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COVID-19 Job Abandonment News Story - They didn't show up for 2 days

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Naturally Brilliant, BSN, RN

Has 5 years experience.

I feel nothing but schadenfreude. Those nursing homes are already notorious for low-paid and physically draining labor, especially for nursing assistants. And when you're not going to give PPE to the workers, why should they risk their lives for an employer that treats them as disposable?

Nobody is stopping the nursing home's proprietors and management from stepping in to fill the labor shortage personally. You get what you give.

imintrouble, BSN, RN

Specializes in LTC Rehab Med/Surg. Has 16 years experience.

11 minutes ago, Mergirlc said:

Southern California area (Riverside, CA is approximately 50 miles east of Los Angeles)

Employees’ no-show at Riverside nursing home with coronavirus outbreak leads to 83 residents being evacuated

https://ktla.com/news/local-news/84-residents-evacuated-from-riverside-nursing-home-with-39-coronavirus-cases-after-employees-dont-show-up/

It would be nice if they could get the employee's side of the story. There's always another side.

There has to be a reason for such solidarity. I'm with you. There has to be something more.

Naturally Brilliant, BSN, RN

Has 5 years experience.

The reason's incredibly obvious. A nursing home isn't going to have the level of protection for staff and policies to protect residents the way a major hospital would. Even without Coronavirus, turnover among staff at nursing homes is ridiculously high (I've heard that CNAs usually quit in a month or two) because of the amount of work coupled with the criminally low pay. Their employees probably weren't getting Cadillac health insurance, either. So why would they go to work every day knowing the likelihood they'd get Coronavirus would end up being extremely high?

HiddenAngels

Has 7 years experience.

Question: Does this place have a union? Cuz, WOW!!

38 minutes ago, HiddenAngels said:

Question: Does this place have a union? Cuz, WOW!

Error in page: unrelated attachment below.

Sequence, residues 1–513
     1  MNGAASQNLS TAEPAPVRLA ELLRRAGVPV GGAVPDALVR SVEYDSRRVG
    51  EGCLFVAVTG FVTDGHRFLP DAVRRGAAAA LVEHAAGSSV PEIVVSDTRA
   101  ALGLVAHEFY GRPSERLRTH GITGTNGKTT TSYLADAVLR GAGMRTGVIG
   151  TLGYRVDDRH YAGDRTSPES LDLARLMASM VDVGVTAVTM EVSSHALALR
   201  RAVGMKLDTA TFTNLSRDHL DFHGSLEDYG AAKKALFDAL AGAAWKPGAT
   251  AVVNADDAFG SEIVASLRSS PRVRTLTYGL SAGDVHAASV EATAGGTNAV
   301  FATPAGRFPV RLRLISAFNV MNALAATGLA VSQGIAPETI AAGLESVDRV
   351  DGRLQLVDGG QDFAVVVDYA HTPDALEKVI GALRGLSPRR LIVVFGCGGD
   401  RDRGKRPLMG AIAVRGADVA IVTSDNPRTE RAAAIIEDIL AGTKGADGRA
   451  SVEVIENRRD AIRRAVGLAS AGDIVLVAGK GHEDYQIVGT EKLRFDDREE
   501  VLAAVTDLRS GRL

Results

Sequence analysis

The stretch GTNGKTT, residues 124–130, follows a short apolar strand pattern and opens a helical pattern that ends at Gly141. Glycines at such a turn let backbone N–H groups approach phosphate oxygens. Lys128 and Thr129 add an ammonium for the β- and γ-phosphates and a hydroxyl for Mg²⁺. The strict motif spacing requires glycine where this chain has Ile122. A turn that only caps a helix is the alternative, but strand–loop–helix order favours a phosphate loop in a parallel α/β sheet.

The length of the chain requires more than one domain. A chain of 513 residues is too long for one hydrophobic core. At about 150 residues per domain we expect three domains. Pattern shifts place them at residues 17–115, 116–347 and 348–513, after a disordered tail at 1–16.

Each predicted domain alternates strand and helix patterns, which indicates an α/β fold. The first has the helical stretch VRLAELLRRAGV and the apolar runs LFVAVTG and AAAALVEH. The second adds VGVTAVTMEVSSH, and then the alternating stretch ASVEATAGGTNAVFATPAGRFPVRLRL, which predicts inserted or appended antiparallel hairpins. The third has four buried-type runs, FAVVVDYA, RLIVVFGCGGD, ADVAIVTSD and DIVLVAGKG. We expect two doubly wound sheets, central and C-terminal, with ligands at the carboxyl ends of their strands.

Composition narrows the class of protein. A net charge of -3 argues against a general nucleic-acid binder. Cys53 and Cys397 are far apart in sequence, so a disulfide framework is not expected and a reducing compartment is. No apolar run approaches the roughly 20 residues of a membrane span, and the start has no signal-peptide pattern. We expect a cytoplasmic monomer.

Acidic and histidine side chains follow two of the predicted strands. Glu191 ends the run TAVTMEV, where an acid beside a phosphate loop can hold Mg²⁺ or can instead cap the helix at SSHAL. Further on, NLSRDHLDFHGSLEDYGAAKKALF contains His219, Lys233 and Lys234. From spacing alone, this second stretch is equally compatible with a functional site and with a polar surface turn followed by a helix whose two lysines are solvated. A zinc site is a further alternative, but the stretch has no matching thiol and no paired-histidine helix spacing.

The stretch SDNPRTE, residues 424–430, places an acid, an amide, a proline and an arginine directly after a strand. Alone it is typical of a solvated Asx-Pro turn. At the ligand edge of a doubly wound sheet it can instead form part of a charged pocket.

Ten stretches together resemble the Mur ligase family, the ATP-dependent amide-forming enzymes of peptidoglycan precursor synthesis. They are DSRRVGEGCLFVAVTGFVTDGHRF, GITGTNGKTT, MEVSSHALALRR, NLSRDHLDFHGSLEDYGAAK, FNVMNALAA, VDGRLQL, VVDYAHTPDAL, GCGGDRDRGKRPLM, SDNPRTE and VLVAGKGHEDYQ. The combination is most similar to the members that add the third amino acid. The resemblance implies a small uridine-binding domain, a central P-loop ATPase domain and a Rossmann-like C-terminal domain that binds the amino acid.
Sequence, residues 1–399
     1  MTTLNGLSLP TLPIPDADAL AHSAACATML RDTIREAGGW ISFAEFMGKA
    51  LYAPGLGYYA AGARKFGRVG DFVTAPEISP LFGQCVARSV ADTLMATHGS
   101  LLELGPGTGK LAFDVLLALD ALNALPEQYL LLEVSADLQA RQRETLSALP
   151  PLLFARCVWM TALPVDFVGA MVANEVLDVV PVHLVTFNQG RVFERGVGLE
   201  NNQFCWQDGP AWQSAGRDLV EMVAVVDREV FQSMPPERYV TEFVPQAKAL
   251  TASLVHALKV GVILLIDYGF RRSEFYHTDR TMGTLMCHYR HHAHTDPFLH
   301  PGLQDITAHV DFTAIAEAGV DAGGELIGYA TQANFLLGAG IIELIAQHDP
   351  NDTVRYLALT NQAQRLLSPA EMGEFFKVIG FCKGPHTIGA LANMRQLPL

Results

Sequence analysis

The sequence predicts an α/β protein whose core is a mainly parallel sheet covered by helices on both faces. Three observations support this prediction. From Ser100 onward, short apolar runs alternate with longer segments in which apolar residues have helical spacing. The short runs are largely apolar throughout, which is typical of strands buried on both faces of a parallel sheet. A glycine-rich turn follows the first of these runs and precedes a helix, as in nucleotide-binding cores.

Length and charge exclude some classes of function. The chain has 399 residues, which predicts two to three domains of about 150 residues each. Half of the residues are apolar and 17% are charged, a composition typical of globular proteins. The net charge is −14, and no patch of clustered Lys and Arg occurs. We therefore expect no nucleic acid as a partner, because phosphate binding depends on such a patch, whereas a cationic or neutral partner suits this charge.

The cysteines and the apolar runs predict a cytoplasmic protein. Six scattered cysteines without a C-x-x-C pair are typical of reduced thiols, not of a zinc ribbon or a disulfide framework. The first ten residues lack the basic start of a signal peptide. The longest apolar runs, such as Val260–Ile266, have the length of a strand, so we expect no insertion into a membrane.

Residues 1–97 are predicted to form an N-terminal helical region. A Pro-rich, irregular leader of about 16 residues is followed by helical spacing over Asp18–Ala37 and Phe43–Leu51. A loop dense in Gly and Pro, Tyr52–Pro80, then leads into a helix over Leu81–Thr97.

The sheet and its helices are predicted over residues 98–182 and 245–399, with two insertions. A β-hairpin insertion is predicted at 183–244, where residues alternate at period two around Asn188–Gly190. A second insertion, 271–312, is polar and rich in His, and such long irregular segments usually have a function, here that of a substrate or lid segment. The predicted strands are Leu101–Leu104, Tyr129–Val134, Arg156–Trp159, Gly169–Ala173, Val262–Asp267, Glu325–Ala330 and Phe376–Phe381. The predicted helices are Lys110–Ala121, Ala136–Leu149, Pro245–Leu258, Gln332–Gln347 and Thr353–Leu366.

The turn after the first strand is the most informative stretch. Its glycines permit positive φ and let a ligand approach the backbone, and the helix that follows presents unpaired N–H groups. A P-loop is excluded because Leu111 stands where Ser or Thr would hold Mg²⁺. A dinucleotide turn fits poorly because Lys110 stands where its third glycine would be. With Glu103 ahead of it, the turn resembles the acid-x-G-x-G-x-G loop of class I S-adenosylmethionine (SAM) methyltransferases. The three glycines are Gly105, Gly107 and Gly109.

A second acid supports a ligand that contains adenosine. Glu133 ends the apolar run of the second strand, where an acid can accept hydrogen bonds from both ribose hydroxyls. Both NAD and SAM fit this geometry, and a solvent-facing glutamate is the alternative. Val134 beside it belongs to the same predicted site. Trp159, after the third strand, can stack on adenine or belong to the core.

Probably not. This facility seemed to be some privately owned one.

I'm just curious as to if the CNAs could even be charged and, if so, what would the penalty be? I know in CA, CNAs are licensed by the Department of Public Health and not the BON. I'm going to guess if they are charged with abandonment, this might prevent them from obtaining nursing licenses later - if that was ultimately what some of them wanted to do.

If the fact is, they were without proper PPE, then they all need to gather together and get a lawyer. I have a feeling they are about to be made an example of....

HiddenAngels

Has 7 years experience.

Yes, this will make history. Now I want to know the other side of the story. Did they call out sick? Did they even call? Hmm, we've always assumed it was not job abandonment unless you took report.. This will be interesting.

Rose_Queen, BSN, MSN, RN

Specializes in OR, education. Has 16 years experience.

1 hour ago, HiddenAngels said:

we've always assumed it was not job abandonment unless you took report.

Patient abandonment occurs after taking report. Taking report implies you’ve accepted the assignment.

Job abandonment does not require you to have accepted a patient assignment. A no call, no show can be viewed as job abandonment.

theoneandonly

Specializes in RN. Has 5 years experience.

Good for the staff at the NH. I would abandon them too, very risky. Not worth your life. The facility failed both the staff and the patients. Abandoning or AKA quitting a job is not grounds for losing your license. The state of CA would be quite stupid to even try to pull a move like that. It's called at will employment, you or your employer can quit your job at any time or end the contract, w/o notice.